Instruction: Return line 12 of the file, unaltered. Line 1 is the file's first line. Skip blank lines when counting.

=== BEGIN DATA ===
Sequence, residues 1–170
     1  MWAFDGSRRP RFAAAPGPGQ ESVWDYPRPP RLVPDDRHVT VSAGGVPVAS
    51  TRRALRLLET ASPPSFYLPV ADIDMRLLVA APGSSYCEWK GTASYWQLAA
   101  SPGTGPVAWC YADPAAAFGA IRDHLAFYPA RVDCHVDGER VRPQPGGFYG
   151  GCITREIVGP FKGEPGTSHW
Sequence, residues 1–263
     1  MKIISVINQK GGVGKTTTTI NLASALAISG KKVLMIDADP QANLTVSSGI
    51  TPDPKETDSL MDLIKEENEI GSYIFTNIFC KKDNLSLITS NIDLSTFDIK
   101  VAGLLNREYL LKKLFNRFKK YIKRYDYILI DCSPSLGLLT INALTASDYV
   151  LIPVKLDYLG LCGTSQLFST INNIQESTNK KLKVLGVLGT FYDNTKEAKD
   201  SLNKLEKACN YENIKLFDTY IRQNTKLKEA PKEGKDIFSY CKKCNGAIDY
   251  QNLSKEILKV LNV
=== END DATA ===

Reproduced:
   251  QNLSKEILKV LNV